Just prior to the commencement of the hearing in Juvenile Court, the prosecutor moved to amend the complaints so as to change the statutory citations from N.J.S.A. 2A:170-26 (simple assault and battery) to N.J.S.A. 2A:90-4 (assault and battery upon a police officer, a high misdemeanor). Counsel for W.E.C. objected to the amendment but the trial court ruled that "all assaults on a police officer are cognizable under" N.J.S.A. 2A:90-4. The court offered to continue the case if "surprise" was claimed. However, counsel for W.E.C. declined the offer saying that surprise was not the basis of his objection.

A hearing was then held on the amended complaints at which the two officers and W.E.C. testified. At the conclusion, the court found that all charges had been sustained and adjudged W.E.C. a delinquent. Based on a prior juvenile record of repeated antisocial conduct, the court sentenced W.E.C. to concurrent indeterminate terms at the Youth Reception and Correction Center at Yardville.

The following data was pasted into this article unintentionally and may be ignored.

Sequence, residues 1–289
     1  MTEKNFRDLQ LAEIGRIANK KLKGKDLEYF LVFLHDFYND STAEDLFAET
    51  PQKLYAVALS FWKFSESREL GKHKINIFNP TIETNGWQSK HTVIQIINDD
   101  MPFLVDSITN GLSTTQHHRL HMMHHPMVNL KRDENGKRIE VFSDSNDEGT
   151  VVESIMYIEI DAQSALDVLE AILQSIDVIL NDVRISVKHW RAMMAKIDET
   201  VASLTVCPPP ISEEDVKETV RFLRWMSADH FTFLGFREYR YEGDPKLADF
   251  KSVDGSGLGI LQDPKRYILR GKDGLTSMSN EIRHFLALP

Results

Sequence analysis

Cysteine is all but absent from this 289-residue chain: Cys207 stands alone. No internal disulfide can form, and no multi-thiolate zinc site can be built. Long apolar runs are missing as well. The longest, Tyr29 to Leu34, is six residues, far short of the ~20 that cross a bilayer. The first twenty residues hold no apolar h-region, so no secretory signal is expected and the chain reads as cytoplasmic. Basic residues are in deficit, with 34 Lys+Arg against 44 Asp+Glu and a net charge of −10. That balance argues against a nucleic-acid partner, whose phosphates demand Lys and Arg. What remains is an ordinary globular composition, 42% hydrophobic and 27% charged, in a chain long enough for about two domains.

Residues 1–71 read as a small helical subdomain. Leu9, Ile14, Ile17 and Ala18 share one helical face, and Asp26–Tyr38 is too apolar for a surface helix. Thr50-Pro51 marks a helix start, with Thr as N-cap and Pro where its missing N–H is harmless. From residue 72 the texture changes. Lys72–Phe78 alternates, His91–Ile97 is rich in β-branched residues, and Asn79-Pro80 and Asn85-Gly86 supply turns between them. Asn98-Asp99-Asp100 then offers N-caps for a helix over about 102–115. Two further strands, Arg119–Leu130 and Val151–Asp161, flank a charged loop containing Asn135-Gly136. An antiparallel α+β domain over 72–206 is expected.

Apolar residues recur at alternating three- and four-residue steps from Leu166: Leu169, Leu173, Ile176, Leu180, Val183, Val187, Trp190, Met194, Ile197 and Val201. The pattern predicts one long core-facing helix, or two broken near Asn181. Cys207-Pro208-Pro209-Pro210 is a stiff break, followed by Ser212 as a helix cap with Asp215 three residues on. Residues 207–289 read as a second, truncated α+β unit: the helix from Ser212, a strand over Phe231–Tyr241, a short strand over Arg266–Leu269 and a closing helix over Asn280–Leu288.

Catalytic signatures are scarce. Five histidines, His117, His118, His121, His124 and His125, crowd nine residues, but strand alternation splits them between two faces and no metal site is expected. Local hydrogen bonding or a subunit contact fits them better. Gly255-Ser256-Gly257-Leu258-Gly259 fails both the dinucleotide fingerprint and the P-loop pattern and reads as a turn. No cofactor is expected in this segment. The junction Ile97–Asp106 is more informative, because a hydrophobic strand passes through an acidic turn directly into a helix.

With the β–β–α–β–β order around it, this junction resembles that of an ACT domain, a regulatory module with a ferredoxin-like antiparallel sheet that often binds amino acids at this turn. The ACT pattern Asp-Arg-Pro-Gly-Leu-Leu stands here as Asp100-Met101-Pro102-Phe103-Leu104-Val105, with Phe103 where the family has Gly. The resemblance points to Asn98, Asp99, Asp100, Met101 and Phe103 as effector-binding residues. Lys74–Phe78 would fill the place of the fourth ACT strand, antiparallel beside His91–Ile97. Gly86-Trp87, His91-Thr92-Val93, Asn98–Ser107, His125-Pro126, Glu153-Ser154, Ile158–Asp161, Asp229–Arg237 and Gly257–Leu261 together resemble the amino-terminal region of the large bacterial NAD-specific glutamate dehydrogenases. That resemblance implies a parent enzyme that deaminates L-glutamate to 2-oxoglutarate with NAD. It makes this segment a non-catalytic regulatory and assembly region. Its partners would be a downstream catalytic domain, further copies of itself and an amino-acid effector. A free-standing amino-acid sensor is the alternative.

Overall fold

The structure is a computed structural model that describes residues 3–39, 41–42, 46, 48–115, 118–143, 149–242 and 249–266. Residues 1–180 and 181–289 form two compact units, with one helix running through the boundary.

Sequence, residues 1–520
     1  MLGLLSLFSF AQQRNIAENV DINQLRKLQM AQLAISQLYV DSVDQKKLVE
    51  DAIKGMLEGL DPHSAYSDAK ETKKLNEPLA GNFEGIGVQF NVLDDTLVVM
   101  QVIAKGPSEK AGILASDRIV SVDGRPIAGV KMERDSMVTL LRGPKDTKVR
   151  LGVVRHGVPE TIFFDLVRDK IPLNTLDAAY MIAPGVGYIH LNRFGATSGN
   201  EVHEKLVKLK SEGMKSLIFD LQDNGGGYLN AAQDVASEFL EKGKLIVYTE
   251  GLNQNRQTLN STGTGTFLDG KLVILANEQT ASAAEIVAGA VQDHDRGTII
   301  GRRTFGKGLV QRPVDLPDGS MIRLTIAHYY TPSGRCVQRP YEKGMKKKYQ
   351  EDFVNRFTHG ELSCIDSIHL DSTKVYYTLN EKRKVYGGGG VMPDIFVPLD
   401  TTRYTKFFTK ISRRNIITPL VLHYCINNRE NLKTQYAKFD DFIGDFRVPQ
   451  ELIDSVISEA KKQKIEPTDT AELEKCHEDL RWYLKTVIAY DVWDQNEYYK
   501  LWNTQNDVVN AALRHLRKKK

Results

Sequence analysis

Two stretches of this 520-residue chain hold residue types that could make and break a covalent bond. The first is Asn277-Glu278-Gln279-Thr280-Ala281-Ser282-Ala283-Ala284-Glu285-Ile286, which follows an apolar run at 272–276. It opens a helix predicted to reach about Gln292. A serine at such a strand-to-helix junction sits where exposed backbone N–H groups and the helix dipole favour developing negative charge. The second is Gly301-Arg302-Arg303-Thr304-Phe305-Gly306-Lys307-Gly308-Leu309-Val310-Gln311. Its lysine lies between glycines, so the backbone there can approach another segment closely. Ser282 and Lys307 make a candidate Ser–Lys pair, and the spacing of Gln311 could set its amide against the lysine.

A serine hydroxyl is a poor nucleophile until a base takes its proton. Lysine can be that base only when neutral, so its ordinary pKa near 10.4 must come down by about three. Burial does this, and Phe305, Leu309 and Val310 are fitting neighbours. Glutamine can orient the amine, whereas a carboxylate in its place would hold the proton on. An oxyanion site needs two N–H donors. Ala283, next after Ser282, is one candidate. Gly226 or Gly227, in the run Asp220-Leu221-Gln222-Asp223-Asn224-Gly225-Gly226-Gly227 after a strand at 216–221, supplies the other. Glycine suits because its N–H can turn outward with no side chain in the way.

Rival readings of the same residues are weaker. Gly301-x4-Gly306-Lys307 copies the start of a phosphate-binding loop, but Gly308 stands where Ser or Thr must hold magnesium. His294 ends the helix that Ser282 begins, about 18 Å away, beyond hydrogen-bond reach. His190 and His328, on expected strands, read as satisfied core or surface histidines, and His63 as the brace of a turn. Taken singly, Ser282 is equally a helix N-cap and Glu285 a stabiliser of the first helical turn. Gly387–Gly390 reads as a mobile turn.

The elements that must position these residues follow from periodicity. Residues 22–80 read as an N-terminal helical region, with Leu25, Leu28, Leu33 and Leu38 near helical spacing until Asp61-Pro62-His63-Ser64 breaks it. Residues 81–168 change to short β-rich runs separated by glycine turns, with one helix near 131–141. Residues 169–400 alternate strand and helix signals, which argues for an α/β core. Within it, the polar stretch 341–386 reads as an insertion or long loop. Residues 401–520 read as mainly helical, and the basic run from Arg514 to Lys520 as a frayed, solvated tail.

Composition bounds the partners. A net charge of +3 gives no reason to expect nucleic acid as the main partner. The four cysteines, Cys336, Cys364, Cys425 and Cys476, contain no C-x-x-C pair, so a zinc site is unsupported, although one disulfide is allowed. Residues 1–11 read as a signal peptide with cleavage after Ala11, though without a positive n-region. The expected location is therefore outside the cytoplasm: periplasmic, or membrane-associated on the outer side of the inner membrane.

[81 NJ Page 446]

On appeal, the Appellate Division held that, contrary to the trial court's statement of reasons, an assault on a police officer could be treated by the prosecuting authorities either as merely disorderly conduct, or as a high misdemeanor. We agree that, depending on the facts and circumstances, the prosecuting authority would have such discretion. See State v. States, 44 N.J. 285, 291-292 (1965).

However, the Appellate Division also held that the amendments herein were improper and in violation of R. 5:9-3(b) which provides:

Amendment of Complaint. The Court may amend the complaint to correct an error in form or the description of the offense intended to be charged or to charge a lesser included offense provided that the amendment does not charge another or different offense from that alleged and the defendant will not be prejudiced thereby in his defense on the merits. The court may adjourn the hearing for such time and on such terms as it deems proper.